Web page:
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Therapeutic potential of superoxide dismutase (SOD) for resolution of inflammation


Neutrophils play essential roles in several inflammatory reactions. Oxidant/antioxidant imbalance is thought to be partially involved in the pathogenesis of the disorders. Under the conditions of oxidative stress, superoxide dismutase (SOD) acts as an endogenous cellular defense system to degrade superoxide (O 2 ) into oxygen and hydrogen peroxide. Therefore, SOD is potentially useful as a therapeutic agent for treatment of inflammatory disorders.

A further mechanism that may contribute to the efficacy of SOD is the regulation of neutrophil apoptosis. For the resolution of infl ammation, the activated neutrophils must be safely removed by apoptosis. Neutrophil apoptosis has been suggested as a possible target for the control of neutrophil-mediated tissue injury. Exogenously added SOD induces neutrophil apoptosis, and hydrogen peroxide has been suggested to be a possible major mediator of ROS-induced neutrophil apoptosis in a caspase-dependent manner. If the drug can be delivered efficiently to the inflammatory site, SOD may be useful as an inhibitory mediator of neutrophil-mediated inflammation.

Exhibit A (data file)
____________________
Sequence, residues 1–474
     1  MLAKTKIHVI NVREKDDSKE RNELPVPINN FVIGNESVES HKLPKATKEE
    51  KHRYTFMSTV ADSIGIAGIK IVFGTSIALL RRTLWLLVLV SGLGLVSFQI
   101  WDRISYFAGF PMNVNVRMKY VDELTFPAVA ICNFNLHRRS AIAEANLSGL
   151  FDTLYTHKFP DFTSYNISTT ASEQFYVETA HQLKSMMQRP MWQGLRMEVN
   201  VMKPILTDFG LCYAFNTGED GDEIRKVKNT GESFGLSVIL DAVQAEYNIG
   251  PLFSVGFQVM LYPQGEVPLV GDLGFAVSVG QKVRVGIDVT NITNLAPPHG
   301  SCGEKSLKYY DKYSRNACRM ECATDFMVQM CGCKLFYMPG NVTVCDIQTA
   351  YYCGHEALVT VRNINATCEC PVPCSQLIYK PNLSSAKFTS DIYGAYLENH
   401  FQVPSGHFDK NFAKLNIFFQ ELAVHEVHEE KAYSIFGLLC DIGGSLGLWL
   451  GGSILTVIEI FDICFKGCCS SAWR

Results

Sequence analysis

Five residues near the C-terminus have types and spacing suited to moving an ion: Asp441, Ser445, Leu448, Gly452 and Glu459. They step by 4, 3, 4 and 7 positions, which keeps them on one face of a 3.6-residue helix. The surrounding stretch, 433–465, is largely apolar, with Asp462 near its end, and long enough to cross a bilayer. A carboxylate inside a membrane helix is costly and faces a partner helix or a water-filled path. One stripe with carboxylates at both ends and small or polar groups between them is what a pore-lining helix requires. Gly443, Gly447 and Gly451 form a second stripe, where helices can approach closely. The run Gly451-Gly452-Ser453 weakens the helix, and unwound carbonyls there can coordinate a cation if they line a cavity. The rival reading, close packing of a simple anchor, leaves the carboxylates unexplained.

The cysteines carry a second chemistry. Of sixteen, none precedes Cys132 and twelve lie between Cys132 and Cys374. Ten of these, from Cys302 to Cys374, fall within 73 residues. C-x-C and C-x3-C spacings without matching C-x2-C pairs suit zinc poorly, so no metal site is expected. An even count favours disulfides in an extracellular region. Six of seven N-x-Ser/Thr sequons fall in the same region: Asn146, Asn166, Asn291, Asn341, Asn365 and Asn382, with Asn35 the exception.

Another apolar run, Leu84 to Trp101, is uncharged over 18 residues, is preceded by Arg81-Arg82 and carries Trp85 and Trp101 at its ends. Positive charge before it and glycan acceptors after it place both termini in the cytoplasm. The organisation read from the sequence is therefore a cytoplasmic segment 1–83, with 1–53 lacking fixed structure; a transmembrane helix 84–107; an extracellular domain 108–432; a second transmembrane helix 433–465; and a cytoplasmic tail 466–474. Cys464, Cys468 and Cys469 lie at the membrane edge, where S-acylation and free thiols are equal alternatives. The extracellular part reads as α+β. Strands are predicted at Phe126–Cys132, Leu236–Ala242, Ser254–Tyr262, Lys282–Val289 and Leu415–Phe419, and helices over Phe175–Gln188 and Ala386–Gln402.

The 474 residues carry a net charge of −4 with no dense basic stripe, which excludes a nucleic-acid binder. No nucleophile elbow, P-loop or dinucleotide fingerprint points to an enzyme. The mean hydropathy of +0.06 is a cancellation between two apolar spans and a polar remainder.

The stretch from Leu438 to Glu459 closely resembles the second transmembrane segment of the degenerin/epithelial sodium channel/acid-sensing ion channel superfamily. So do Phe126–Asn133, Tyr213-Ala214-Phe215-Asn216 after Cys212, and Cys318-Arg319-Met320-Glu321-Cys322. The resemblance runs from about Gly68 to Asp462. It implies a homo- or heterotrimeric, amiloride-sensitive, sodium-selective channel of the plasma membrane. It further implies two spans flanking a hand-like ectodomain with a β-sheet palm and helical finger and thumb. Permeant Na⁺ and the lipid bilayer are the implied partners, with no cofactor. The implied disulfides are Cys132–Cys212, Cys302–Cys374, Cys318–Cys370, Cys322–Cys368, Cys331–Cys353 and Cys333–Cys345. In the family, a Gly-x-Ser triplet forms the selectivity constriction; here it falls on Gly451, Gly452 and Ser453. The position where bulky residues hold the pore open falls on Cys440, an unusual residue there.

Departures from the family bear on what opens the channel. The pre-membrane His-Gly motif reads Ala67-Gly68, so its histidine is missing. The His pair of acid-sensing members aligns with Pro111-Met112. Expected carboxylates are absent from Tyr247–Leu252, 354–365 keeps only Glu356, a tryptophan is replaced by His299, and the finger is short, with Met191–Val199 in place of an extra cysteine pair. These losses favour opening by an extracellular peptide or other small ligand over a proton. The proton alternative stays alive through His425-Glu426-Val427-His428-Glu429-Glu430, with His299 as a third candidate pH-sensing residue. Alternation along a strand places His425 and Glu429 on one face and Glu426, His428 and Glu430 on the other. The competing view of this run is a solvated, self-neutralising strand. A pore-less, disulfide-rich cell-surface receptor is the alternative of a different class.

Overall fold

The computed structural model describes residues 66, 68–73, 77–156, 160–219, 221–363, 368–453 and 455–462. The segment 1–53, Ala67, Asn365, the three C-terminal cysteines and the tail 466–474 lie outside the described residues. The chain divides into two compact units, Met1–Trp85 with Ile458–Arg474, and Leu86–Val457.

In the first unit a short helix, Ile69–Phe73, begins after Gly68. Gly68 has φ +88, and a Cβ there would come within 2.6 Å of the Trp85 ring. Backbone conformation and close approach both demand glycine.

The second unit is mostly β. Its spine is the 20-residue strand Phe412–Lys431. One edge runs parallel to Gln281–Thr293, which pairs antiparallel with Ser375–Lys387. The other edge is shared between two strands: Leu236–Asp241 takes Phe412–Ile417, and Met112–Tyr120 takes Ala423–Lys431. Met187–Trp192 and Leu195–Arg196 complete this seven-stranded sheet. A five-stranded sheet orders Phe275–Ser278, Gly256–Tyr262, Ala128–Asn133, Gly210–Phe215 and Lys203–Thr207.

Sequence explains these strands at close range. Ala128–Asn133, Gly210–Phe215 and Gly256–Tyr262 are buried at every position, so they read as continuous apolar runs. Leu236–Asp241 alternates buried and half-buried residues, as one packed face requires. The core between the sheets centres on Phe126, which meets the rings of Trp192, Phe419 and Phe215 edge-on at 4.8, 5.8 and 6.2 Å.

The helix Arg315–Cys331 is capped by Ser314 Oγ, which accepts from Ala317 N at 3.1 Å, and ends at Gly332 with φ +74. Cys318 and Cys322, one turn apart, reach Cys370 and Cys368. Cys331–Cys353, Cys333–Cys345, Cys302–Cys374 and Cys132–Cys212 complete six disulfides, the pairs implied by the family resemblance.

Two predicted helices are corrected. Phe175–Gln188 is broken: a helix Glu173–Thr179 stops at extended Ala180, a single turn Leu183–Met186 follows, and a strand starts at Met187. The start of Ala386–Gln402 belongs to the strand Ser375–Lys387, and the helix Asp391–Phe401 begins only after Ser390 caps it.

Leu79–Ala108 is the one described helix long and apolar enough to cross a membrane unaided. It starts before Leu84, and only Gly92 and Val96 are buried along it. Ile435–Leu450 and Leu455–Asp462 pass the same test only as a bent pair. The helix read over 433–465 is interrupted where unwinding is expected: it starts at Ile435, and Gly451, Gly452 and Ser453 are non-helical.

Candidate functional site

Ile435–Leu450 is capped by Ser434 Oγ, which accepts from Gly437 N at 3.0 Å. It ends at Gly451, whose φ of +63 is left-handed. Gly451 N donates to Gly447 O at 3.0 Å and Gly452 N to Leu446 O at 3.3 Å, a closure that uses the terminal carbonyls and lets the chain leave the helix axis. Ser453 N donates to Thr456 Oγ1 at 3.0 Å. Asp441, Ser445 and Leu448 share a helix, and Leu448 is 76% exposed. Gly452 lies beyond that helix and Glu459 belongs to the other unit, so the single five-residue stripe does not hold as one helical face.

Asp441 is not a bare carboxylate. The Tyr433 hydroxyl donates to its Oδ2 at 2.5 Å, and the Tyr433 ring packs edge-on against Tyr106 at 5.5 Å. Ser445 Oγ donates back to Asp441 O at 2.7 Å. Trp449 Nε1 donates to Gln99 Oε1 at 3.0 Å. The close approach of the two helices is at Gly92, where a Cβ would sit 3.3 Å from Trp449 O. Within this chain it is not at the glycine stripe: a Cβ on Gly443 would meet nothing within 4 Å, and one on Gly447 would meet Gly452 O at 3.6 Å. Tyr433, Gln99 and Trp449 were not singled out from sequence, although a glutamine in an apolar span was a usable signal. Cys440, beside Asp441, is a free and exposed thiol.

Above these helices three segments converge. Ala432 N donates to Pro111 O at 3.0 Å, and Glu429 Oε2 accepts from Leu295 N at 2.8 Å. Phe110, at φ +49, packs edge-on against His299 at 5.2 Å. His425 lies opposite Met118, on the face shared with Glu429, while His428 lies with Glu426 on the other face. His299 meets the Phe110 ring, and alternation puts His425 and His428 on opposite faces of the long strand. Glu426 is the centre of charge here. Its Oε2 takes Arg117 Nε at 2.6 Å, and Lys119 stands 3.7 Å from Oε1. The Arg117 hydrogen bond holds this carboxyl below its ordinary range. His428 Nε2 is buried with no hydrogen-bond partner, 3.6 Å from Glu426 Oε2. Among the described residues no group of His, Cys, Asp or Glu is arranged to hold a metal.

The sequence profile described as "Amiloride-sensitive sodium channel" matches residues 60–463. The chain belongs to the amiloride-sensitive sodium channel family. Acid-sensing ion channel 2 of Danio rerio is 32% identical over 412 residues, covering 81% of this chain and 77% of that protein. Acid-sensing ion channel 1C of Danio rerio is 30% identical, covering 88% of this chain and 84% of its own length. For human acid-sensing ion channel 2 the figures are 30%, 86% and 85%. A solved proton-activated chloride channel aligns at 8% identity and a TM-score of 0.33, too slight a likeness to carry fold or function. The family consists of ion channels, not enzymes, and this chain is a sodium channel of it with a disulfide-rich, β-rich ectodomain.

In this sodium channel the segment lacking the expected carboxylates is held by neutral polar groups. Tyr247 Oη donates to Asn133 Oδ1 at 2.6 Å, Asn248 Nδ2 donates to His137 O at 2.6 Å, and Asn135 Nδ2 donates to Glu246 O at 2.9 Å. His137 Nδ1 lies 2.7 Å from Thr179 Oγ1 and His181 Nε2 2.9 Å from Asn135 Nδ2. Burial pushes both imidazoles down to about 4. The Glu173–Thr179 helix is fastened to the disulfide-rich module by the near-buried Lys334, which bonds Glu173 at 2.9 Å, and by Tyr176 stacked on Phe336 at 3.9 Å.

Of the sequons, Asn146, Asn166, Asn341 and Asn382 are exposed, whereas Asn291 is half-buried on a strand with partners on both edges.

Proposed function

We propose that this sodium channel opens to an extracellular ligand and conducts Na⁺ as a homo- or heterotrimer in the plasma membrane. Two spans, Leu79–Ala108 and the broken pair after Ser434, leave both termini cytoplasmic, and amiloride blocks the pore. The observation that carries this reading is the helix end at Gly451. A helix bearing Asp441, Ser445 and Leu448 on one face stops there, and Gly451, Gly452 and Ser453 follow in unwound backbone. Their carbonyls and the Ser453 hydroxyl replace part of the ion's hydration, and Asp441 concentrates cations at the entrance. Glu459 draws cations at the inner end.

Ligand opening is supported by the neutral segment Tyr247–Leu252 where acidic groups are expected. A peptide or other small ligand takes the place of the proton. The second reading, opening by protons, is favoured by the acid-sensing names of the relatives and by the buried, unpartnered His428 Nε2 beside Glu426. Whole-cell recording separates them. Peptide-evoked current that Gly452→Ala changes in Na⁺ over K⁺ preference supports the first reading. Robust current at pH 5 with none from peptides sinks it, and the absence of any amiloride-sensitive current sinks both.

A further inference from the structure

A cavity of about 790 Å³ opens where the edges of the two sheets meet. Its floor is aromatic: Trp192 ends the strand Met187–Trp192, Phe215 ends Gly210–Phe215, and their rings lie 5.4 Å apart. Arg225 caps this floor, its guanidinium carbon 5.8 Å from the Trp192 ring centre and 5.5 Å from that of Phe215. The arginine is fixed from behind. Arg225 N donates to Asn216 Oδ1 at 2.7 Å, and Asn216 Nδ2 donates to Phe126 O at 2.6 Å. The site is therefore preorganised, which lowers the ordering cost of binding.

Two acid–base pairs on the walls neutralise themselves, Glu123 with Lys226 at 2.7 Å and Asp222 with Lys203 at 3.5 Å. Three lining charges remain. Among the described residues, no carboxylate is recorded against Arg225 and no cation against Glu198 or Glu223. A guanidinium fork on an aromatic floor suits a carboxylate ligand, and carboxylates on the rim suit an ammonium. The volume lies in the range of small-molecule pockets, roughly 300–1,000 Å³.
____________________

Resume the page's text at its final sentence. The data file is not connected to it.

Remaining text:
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Correspondence to K. Yasui.

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Received 6 December 2005; returned for revision 15 February 2006; returned for final revision 23 March 2006; accepted by M. Katori 15 April 2006

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Yasui, K., Baba, A. Therapeutic potential of superoxide dismutase (SOD) for resolution of inflammation. Inflamm. res. 55, 359–363 (2006).

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Key words.

  • Superoxide dismutase
  • Neutrophils
  • Apoptosis
  • Resolution of inflammation